Arctic sea ice reached its maximum extent this year on March 21.
According to the National Snow and Ice Data Center, this year’s extent averaged 5.7 million square miles – that’s more than a quarter-of-a-million miles less than the average extent measured between 1981 and 2010, but it is also slightly above the record low measured in 2006.
This year’s was the fifth lowest maximum extent measured, but it’s also the fifth latest in terms of timing since researchers began keeping records 35 years ago.
Scientists attribute a brief surge in sea ice extent in mid-March to winds over both the Barents and Bering Seas that pushed ice pack south temporarily.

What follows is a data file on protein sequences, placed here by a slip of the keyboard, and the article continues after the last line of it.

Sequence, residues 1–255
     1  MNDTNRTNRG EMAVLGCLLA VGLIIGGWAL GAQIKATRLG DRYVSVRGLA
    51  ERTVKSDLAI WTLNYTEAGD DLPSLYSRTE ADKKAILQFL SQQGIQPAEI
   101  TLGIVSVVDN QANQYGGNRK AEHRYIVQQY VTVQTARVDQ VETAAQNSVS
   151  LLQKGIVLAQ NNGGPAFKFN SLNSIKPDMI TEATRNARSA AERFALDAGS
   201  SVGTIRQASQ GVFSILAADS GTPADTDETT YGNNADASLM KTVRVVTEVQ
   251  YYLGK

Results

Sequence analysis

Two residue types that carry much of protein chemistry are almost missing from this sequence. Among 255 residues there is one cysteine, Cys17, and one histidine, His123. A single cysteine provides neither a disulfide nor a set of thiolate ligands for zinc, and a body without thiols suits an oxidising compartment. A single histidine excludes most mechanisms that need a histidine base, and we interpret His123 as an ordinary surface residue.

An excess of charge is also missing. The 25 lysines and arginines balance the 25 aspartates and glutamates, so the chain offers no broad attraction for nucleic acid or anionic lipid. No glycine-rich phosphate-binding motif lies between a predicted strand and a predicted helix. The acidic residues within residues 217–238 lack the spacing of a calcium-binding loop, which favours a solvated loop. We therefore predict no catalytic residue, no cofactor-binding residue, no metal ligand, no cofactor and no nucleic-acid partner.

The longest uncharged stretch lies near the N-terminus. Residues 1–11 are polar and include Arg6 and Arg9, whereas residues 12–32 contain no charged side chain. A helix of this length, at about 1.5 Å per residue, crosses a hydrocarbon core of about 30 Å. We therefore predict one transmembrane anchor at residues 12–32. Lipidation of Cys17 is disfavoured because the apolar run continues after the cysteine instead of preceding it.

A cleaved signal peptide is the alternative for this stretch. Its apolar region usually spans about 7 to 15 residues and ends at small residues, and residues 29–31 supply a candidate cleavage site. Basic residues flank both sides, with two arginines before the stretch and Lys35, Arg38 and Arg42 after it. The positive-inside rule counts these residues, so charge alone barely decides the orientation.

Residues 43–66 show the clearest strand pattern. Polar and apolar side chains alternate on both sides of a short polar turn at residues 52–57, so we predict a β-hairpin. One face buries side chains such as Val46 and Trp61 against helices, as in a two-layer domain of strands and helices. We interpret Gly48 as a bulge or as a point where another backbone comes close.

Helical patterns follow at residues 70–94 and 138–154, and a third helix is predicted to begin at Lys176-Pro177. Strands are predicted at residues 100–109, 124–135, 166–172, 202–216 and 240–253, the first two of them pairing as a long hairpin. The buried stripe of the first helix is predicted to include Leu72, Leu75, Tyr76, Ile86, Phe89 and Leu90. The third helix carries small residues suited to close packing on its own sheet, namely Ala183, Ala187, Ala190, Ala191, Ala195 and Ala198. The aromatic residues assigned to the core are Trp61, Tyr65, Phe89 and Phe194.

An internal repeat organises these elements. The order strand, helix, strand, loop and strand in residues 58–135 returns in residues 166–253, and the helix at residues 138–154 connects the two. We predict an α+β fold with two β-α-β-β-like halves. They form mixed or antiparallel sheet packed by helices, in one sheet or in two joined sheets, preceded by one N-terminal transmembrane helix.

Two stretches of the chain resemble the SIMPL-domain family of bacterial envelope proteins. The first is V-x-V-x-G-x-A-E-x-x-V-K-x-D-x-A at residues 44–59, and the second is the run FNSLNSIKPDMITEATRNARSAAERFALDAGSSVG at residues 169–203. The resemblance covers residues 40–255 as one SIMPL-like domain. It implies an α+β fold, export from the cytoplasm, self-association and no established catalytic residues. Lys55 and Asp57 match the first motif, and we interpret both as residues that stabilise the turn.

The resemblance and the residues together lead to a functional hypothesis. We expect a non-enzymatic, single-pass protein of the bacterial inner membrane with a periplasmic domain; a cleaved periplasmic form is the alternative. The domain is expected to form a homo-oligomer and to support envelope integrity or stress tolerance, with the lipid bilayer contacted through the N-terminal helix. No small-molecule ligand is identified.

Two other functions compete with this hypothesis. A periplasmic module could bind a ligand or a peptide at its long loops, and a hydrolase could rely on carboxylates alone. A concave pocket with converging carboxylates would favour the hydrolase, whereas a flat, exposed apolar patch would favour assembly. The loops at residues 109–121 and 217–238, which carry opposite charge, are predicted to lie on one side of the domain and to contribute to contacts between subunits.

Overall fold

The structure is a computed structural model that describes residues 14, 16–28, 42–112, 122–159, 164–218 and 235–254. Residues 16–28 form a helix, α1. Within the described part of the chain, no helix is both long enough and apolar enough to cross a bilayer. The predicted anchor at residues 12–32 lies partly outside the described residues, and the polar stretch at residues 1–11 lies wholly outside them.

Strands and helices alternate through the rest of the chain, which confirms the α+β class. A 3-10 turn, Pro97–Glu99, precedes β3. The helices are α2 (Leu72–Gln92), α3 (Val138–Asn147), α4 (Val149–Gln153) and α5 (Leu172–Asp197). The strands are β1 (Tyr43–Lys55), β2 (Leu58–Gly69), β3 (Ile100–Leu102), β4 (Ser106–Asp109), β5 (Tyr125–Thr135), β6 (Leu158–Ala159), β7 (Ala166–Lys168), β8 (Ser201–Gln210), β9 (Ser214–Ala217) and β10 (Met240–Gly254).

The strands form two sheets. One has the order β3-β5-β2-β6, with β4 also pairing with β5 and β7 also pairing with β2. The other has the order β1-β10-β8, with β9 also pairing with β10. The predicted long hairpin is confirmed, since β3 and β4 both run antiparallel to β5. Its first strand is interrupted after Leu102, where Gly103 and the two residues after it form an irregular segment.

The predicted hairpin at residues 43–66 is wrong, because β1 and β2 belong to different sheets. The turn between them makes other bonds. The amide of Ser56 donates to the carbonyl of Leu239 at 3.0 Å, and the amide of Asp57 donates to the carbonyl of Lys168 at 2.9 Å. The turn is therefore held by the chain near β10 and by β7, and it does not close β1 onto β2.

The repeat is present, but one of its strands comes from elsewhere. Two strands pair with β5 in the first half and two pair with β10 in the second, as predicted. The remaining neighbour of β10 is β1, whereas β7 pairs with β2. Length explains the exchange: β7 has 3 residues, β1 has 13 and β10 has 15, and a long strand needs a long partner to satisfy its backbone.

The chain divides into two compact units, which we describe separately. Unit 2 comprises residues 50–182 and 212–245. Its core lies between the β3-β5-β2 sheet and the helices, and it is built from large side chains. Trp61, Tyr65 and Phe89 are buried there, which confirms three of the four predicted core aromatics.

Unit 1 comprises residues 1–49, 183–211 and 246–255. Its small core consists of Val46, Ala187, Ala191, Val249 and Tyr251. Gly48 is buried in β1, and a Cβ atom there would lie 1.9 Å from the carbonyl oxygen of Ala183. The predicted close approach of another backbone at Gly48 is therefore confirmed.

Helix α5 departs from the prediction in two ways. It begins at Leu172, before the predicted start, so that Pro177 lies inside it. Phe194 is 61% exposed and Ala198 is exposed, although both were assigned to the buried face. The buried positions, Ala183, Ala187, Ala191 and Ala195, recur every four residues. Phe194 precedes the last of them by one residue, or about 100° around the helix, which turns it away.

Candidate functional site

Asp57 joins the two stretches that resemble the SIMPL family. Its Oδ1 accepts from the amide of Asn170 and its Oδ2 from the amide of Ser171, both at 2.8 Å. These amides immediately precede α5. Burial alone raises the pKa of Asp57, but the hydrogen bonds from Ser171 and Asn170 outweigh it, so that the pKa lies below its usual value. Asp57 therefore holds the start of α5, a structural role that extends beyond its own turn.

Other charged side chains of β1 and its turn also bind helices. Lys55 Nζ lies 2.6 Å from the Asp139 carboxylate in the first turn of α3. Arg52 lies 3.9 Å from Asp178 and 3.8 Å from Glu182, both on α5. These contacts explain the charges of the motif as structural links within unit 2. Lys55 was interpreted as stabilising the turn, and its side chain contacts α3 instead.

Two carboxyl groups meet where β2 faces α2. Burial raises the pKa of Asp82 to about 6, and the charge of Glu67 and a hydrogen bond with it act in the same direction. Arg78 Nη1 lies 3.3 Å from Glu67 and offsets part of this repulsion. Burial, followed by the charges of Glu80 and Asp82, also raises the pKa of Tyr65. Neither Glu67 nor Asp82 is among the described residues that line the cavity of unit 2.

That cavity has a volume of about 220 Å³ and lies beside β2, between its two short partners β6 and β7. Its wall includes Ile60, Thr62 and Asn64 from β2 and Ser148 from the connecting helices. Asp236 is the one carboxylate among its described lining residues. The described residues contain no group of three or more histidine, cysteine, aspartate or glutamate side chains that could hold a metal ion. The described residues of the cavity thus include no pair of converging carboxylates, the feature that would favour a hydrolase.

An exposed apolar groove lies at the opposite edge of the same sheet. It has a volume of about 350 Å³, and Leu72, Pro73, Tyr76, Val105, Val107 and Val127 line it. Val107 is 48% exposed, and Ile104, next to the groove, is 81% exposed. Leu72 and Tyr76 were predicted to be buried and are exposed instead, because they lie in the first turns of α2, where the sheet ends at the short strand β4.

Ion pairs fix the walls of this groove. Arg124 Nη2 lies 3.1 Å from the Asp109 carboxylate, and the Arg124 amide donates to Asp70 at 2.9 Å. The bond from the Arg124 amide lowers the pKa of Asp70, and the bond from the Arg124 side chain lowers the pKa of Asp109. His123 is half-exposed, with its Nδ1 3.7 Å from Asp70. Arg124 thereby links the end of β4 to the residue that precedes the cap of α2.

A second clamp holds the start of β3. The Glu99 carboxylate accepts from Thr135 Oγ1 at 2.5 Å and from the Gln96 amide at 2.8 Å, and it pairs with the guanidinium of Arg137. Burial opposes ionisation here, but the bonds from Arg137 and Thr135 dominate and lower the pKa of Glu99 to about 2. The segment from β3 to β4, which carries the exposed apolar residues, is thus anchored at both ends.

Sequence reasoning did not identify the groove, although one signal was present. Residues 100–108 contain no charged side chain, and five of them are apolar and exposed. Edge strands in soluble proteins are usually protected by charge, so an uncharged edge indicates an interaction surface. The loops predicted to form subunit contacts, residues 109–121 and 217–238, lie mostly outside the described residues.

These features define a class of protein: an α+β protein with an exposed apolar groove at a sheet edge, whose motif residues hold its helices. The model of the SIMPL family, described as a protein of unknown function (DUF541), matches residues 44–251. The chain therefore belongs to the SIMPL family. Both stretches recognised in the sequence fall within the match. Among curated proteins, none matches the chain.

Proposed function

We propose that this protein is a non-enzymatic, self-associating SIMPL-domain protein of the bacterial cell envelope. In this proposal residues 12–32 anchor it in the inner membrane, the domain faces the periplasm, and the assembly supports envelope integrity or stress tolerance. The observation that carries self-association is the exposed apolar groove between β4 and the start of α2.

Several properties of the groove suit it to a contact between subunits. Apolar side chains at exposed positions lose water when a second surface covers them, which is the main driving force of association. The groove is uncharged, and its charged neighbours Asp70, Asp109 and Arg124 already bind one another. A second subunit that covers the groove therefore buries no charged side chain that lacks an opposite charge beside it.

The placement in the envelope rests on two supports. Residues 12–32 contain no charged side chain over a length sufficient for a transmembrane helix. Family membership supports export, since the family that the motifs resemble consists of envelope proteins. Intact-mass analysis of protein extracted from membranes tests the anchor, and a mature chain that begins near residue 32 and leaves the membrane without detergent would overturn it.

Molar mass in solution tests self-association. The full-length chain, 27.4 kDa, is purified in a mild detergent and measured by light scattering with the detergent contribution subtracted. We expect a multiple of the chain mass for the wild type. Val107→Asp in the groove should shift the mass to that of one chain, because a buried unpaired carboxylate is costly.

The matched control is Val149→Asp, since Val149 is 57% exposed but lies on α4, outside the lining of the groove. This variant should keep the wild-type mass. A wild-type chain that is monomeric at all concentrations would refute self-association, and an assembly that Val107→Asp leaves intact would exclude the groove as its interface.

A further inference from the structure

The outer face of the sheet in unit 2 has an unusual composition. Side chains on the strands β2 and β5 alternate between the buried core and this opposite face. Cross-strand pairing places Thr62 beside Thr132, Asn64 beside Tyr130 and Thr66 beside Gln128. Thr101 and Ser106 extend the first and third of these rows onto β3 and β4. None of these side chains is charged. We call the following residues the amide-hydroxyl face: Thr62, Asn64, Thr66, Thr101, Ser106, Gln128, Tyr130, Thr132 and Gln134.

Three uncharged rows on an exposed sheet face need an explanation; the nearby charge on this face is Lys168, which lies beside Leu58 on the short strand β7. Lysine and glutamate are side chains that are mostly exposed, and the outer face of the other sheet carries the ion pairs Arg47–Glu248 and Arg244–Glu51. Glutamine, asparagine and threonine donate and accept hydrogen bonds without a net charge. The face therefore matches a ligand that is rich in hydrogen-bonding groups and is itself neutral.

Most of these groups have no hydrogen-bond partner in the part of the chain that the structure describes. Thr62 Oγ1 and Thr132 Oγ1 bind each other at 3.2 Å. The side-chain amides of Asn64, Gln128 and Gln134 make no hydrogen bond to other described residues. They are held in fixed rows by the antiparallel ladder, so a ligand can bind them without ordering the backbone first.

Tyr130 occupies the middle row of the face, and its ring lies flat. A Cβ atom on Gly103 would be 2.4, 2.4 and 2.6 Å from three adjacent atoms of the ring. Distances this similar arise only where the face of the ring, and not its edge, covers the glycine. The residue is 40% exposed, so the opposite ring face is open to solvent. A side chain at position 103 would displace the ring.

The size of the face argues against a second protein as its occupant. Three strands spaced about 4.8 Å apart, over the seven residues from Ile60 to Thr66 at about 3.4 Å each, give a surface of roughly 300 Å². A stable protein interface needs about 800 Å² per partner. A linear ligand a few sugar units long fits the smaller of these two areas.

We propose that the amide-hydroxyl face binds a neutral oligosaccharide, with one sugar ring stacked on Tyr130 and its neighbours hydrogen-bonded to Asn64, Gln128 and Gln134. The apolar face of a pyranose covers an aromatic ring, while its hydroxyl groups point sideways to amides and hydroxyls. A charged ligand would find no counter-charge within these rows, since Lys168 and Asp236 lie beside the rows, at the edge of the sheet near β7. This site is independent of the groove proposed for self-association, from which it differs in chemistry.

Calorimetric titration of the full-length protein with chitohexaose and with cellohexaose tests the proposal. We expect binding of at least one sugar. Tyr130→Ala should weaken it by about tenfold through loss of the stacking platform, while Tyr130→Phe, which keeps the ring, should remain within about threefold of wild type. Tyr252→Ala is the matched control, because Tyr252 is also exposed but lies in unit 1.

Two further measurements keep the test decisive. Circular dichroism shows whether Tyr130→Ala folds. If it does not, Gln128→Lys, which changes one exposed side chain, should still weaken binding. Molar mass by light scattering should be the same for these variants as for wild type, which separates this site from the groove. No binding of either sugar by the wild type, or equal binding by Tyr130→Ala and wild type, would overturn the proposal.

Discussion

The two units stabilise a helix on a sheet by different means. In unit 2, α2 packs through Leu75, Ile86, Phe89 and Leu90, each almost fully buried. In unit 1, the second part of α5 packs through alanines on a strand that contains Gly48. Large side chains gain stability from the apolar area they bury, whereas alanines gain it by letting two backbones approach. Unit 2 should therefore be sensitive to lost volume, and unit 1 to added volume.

Scientists say air temperatures over the Arctic in late march were unusually high.
- A lawsuit filed in federal court this week seeks to remove the residency requirement for people gathering signatures for state ballot initiatives.
- For the second time in two years, a Skagway political figure has been ordered to pay a fine for incomplete financial disclosures. Assembly hopeful Dan Henry failed to disclose substantial debt on his candidate paperwork. He will still be able to run for office in the upcoming election.
- Administration officials have a mouthful of a name for it: the “capped hybrid head tax.” It's a flat 1.5 percent of wages and self-employment income, with a maximum of twice the value of that year's Alaska Permanent Fund dividend.
- A federal district court has sided with conservationists fighting to preserve the U.S. Forest Service's "roadless rule" that limits road building in national forests. Alaska conservationists opposed to expanded logging in Tongass National Forest hailed the ruling as a victory.